By: Steven Metz
President Joe Biden’s recent announcement that all U.S. military forces would leave Afghanistan this year drew immediate criticism from a wide range of national security experts and elected officials. Some of this reflected fear of a human rights disaster if the Afghan government is unable to hold out against the Taliban once the American military leaves.
But most of the pushback was based on the claim that the U.S. counterinsurgency campaign in Afghanistan is vital for preventing another major terrorist attack on the United States. The pervasiveness of this idea demonstrates that after sixty years of involvement in counterinsurgency, Americans still don’t truly understand it.
The first mistake leading the United States to a quagmire in Afghanistan was linking counterinsurgency and counterterrorism. When the United States became involved in counterinsurgency during the Cold War, it did so to prevent pro-Soviet rebels from seizing power in friendly nations. After the Soviet Union collapsed, the United States lost interest. Following the 9/11 attacks, the United States rediscovered counterinsurgency. This time, however, the objective was preventing transnational terrorists from gaining foreign sanctuary. It was, as former President George W. Bush put it, a way “to defeat them abroad before they attack us at home.” Based on this claim, the United States undertook counterinsurgency support in Iraq, Afghanistan, and, on a smaller scale, in a host of other places in the Islamic world.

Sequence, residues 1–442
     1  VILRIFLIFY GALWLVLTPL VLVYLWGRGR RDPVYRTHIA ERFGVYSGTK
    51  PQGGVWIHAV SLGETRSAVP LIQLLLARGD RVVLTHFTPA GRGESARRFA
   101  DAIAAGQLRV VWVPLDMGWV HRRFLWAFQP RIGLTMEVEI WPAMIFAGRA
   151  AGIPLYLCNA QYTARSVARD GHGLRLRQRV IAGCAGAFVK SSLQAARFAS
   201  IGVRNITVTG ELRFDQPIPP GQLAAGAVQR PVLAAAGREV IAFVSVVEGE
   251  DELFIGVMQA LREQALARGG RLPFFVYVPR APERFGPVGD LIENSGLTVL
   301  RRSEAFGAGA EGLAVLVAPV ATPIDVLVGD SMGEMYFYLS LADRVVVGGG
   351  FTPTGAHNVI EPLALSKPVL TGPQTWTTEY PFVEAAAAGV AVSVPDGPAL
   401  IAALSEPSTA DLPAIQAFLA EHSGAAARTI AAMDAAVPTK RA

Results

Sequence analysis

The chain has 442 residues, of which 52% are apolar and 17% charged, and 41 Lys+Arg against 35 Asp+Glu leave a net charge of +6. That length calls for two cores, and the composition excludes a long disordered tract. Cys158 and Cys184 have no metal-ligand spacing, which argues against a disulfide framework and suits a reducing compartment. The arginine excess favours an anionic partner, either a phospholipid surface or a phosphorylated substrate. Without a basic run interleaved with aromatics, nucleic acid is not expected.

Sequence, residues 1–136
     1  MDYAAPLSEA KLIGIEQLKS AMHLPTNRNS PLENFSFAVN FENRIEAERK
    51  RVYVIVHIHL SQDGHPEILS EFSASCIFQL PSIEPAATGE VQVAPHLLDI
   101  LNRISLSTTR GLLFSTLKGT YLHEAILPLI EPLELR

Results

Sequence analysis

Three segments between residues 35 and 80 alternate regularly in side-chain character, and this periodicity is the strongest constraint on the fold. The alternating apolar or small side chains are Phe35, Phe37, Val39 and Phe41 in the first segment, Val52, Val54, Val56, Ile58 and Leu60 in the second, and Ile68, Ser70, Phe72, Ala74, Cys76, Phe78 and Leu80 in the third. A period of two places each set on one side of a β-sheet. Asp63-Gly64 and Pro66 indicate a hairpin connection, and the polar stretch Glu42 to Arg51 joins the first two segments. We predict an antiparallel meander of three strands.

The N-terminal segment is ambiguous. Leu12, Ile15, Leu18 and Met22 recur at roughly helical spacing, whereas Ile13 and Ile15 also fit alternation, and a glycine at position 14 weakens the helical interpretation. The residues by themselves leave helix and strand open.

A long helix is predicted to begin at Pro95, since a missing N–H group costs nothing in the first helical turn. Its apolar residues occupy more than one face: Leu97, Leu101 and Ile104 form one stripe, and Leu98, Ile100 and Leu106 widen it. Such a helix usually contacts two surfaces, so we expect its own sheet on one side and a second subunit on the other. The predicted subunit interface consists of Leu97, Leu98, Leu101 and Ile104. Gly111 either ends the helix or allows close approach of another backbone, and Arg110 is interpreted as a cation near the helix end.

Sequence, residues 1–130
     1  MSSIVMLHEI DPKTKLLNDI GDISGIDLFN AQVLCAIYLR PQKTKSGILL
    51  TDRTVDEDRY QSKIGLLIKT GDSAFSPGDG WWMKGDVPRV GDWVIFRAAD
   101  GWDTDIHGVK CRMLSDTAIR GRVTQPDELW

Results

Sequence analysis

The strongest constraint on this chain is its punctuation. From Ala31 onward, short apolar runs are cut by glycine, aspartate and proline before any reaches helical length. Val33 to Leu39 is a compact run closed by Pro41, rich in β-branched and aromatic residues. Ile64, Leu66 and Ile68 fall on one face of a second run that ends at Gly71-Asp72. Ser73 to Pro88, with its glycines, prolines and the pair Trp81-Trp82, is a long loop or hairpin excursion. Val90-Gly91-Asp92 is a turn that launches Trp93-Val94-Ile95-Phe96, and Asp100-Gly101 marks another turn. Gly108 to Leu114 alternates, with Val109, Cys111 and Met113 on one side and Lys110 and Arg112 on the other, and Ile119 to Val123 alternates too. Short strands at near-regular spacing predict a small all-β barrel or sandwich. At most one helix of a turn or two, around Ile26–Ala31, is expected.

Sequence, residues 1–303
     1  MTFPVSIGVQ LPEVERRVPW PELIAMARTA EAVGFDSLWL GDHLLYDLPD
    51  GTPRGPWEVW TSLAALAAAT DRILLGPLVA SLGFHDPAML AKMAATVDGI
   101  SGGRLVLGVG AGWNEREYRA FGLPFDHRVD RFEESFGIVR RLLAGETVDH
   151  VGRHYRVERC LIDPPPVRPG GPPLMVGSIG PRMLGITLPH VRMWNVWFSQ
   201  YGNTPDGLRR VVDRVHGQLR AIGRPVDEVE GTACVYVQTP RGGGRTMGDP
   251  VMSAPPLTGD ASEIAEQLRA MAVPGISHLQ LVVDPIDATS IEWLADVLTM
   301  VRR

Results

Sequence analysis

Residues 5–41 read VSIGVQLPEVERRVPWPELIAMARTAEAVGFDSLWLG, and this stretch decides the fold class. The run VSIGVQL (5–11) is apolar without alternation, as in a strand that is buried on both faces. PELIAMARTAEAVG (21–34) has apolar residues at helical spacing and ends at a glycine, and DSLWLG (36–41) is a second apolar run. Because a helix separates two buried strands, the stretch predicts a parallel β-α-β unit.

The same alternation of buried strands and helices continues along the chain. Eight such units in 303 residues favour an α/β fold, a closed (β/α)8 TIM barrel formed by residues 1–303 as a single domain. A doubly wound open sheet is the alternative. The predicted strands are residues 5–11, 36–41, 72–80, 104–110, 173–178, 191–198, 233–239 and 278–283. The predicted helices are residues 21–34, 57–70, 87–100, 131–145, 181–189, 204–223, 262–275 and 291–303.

Forged in the emotional time after the attacks on the United States, this never made strategic sense. While al Qaeda did have sanctuary in Afghanistan in 2001, no one demonstrated that it was necessary to plan the attack. And even if it was, no one fully explained why a base in Afghanistan was more important to al Qaeda than any of the dozen other places where it could operate. Ultimately, the argument that counterinsurgency in Afghanistan was necessary to prevent another terrorist attack on the United States was simply asserted, never explained or substantiated.
For years, the American public was so shocked by the attacks that it did not question this. Over time, though, credibility of the assertion eroded. Today, it seems clear that even if counterinsurgency does somehow help fight terrorist groups, the security gained does not justify the costs. Counterinsurgency may contribute to counterterrorism, but it does so very inefficiently.
By: Steven Metz